Chapter 2: How do you know what kind of partnership is right for your context, and why might faculty and students want to participate?

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This chapter of Pedagogical Partnerships opens with a set of guiding questions to address in order to decide on the kind of program best suited to any given context. To offer readers a sense of the range of approaches to conceptualizing pedagogical partnership and also to situate the type of program the book focuses on, the chapter includes brief overviews of five programs: the Student Partners Program at McMaster University in Canada; Co-create UVA at the University of Virginia in the United States; a unique approach to introducing partnership at Queensland University in Australia; a partnership program at Kaye Academic College of Education, Be’er Sheva, Israel; and an approach to curriculum co-creation at Victoria University of Wellington, Aotearoa New Zealand. It addresses why faculty and students might want to participate in pedagogical partnership programs, and it provides an overview of how programs based on or similar to SaLT have developed at other institutions.

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Discussion Questions

We discuss in chapter 2 the kinds of key questions you will want to address to decide what kind of pedagogical partnership program would be a good fit for your context. Context matters. There is no one-size-fits-all model, although the questions we offer should be useful across contexts.

Who on your campus is interested and invested in the idea of partnership?

It’s key to find collaborators who are open, engaged, and thoughtful. Might you gather such people together and address these questions:

  • What is the aim, scale, and time frame of the project or initiative?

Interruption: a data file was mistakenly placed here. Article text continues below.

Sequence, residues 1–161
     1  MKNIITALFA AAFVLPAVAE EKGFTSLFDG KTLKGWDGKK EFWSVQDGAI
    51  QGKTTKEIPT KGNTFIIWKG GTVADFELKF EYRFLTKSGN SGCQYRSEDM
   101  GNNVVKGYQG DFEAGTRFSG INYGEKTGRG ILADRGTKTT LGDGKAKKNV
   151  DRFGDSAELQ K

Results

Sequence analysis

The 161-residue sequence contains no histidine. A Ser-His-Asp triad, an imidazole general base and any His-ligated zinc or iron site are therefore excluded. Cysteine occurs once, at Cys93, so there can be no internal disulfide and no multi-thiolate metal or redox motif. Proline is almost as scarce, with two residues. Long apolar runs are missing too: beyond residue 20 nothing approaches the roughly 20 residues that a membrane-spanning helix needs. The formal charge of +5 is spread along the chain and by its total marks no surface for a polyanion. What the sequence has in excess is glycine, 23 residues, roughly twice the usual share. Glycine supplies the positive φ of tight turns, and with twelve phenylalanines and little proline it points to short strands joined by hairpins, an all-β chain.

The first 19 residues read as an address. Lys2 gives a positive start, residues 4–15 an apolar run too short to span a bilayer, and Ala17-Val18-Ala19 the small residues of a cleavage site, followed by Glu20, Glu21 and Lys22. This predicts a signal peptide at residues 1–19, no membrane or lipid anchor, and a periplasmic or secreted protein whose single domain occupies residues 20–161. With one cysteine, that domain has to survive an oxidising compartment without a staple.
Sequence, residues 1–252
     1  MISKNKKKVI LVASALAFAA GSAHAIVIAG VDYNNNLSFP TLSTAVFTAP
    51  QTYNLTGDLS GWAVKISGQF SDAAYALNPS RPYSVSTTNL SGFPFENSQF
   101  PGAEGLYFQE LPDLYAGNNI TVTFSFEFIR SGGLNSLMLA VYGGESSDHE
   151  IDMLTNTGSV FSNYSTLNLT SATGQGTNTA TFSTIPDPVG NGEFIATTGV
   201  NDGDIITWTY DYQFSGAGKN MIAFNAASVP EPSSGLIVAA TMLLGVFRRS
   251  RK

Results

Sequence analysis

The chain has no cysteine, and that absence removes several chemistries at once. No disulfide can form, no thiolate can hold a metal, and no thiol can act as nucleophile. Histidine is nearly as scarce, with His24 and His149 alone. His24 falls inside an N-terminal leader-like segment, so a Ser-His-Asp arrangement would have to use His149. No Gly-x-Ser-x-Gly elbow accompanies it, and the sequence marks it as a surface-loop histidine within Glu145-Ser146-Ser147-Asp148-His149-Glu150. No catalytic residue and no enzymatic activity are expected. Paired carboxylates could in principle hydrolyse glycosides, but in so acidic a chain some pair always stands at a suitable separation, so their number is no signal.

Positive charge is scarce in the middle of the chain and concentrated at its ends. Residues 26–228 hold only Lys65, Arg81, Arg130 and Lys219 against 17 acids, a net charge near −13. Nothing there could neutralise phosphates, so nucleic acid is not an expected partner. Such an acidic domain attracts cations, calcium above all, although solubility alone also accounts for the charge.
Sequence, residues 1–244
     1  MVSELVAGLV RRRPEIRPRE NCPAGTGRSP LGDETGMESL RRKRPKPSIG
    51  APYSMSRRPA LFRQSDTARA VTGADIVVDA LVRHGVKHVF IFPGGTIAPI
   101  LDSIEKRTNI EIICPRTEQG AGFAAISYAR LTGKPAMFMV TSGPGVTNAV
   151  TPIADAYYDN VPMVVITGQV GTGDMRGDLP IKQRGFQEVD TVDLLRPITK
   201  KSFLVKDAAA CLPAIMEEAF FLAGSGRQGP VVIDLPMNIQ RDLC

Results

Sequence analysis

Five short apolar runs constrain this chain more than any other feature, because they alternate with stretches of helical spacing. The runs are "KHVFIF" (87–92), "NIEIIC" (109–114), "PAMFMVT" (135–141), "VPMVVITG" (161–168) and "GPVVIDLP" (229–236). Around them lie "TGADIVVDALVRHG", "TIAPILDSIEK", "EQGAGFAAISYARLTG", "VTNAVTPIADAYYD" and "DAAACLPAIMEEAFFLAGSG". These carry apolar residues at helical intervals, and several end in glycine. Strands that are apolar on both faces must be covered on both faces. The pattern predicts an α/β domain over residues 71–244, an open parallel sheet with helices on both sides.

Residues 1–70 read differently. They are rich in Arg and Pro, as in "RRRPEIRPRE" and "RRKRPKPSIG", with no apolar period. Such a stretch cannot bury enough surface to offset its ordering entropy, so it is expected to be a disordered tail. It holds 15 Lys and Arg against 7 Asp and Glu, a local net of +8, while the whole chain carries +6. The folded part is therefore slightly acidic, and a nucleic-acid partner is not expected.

• What are the conceptual frameworks adopted that will guide understandings and practices?
  • What are the emotions, attitudes, behaviors, and values of the participants in pedagogical partnership?
  • What is the meaning of partnership, or how will you define what it is that you hope and plan to do?

What can you learn from existing models of pedagogical partnership?

While you will need to develop a program that is appropriate to your context, you do not need to invent everything from scratch. What can you learn from the programs that have already developed at institutions like yours and different from yours?

  • Which aspects of the approaches taken at the following institutions might you want to build on or emulate?
    • McMaster University in Canada
    • University of Virginia in the United States
    • University of Queensland in Australia
    • Kaye Academic College of Education in Be’er Sheva, Israel
    • Victoria University of Wellington in Aotearoa New Zealand
  • How have SaLT and programs like it expanded beyond student-faculty partnerships?
  • In what other ways might existing partnership programs be further developed/expanded?

How can you learn about student and faculty interests and goals?

Looking outward at other institutions will give you certain kinds of information, but you also need to get a sense from the members of your own educational institution of their particular interests and goals.

  • What questions might you include in surveys and for focus groups to learn why faculty and students might want to participate in a pedagogical partnership program?
  • Are there places on campus where partnership is already happening that you could connect to or build on?

What is missing on campus that partnership could help address?